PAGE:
Wednesday, June 29, 2011

DIY Laundry Soap

Did I mention that I made my own laundry soap? I found many recipes around the net, but this one seemed to be the easiest. It works in HE washers, and front loaders, too.

You need three ingredients:
I found the Fels Naptha at the grocery store (or use Zote). The washing soda and Borax also at the grocery store (or Wally World if you prefer). Usually, Walmart is your best bet. None of them were particularly expensive. I think I spent $10 max on all three together and it makes more than one batch.

Now, the DIY part-

Use your handy dandy grater and grate the fels-naptha (or Zote).
To that grated fels-naptha, add
1 Cup borax and
1 Cup washing soda.
Mix well and you're done.
Yup. Done.

To use it- you use 1 Tablespoon per load of clothes. I've been using this for a week and have seen no difference between my homemade version and the expensive store-bought laundry soap.

Okay- one difference. Mine is cheaper.

I think out of the Borax and Washing Soda, I can get probably 5 batches of DIY Laundry soap. I just have to purchase a new Fels-Naptha for each batch. That's it.

Go me!

UPDATE 8/10/2011:
I did some research on OxiClean and guess what? It seems that OxiClean is made up of sodium percarbonate and some cute little secret ingredient blue granules. (Think, 'Color Safe Bleach.)
Now, what is sodium percarbonate, you ask? Simple, it's granulated hydrogen peroxide. When mixed with water, it turns into oxygen, water and soda ash. 

What is Washing Soda? soda ash. One common source of washing soda is the ashes of plants- for this reason it is called soda ash.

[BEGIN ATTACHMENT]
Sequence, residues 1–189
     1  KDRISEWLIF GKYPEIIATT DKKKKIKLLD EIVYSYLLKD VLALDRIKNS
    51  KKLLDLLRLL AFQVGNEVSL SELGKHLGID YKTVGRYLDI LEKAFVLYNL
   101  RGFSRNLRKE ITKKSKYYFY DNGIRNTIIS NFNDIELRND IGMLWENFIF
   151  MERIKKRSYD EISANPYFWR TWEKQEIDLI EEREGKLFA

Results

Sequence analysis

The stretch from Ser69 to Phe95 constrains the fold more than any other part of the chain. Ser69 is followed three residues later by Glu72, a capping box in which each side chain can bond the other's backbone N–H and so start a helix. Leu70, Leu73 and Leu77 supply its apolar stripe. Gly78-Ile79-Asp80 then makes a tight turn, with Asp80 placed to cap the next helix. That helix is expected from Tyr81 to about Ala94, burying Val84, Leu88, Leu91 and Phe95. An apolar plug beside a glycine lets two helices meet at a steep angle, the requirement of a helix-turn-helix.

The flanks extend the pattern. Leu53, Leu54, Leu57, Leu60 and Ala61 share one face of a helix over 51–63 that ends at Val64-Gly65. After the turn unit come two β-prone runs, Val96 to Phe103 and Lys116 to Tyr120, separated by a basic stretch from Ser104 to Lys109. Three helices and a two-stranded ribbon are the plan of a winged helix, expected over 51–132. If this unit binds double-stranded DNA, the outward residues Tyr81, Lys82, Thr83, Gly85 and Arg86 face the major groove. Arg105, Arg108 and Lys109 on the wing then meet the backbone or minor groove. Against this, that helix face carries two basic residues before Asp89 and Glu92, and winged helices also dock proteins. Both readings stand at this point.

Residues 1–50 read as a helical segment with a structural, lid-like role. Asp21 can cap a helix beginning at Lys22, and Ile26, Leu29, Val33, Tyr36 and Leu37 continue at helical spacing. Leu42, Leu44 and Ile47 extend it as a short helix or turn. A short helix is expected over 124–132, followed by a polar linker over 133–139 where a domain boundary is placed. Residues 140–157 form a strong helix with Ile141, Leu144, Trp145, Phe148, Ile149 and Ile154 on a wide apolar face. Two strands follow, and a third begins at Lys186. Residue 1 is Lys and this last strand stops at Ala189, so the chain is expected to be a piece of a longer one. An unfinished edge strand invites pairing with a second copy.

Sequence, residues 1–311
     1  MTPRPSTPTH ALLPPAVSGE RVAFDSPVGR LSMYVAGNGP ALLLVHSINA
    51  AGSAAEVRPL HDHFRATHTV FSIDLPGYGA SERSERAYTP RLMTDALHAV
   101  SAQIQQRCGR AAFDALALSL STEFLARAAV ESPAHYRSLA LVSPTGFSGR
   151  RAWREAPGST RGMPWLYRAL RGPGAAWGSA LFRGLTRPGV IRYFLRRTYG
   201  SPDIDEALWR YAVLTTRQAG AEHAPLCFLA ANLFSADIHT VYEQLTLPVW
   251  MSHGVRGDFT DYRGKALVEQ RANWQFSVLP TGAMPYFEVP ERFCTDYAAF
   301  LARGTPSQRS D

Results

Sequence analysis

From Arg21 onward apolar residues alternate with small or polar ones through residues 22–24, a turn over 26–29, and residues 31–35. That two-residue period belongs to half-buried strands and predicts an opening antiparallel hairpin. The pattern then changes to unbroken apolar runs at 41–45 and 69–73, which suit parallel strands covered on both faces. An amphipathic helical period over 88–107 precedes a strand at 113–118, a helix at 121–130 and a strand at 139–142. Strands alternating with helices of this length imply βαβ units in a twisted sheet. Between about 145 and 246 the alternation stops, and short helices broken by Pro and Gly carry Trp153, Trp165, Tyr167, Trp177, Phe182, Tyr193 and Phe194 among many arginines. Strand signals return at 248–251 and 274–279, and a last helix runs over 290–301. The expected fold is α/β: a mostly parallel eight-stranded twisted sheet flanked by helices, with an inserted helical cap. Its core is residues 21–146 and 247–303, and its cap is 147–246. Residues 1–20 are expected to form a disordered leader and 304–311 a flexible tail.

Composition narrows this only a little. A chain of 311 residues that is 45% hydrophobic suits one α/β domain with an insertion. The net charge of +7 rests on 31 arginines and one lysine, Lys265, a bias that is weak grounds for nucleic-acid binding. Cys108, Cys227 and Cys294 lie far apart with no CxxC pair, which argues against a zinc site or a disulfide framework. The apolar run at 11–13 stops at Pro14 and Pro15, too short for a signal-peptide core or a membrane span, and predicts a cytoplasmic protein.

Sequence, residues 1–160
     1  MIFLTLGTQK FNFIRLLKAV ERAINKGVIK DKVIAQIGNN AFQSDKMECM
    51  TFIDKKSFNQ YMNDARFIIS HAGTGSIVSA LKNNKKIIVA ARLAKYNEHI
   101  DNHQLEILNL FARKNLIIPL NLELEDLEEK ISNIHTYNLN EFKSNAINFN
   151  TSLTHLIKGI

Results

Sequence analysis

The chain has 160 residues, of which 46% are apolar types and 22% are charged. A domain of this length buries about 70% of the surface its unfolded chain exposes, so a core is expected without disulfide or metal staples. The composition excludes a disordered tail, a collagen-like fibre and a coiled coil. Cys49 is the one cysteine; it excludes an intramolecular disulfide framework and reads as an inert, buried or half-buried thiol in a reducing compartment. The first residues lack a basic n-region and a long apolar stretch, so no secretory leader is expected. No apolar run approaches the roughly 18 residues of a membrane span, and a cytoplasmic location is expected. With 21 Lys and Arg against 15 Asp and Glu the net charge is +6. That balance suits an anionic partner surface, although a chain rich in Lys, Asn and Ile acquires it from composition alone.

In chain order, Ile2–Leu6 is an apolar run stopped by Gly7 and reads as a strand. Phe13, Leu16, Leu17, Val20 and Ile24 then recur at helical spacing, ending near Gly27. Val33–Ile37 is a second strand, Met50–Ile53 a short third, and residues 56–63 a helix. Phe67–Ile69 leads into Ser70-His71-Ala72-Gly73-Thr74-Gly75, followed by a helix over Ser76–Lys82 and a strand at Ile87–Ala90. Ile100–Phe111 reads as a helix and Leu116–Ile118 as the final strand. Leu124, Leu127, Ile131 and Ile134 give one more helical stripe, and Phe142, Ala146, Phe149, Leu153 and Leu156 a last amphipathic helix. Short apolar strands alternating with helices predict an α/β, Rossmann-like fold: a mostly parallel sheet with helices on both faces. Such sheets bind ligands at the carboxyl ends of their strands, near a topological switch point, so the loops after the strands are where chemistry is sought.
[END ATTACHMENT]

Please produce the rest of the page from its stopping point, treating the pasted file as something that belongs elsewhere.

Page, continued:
So what is this DIY laundry soap? It's a better version of OxiClean for two reasons-
1- Borax is better at cleaning laundry and keeping whites white, and
2- you know exactly what you are getting, unlike the OxiClean which had something 'secret' in it.
A third reason would be it is MUCH cheaper to make your own laundry soap!

With the DIY laundry soap recipe above, you are using Borax (a cleaner and whitener) with Washing Soda (a stain remover and cleaner) along with Fels-Naptha (a laundry soap bar helpful in treating stains).
So feel free to make your own laundry soap! You'll be glad you did!

UPDATE 11/17/2014: I've been using the 'liquid' (or rather, gel form) of the same laundry soap and it works just as well, and better on stains when you rub it directly into the stain. My fiancee works in manufacturing and comes home covered in machine grease. This works like a charm!
The original positing is HERE for the wet version of the same laundry soap- but the basic  recipe is like this:

Grate 2 bars Fels Naptha (or Zote) and dissolve in 6 cups hot water (not boiling), remove from heat.
Add 2 cups Borax and 2 cups Washing Soda. Mix well.
Let sit until top is solidified. Using a hand blender, mix well, adding in little bits of water to make end result smooth. Spoon into jars.

1 Tablespoon per load. Works great on stains. It's the only thing my mother uses now that I gave her some!

Tuesday, June 28, 2011

Pore Strips My Pocket of Cash

Do you use those pore strips? You know the kind, you remove the backing, get it a little wet and put it across your nose only to rip off your skin remove it in a few minutes along with the gunk in your pores?
Yes? Well, Have I got a money saving DIY for you.
You can make a homemade version of the same thing! Yes, you can!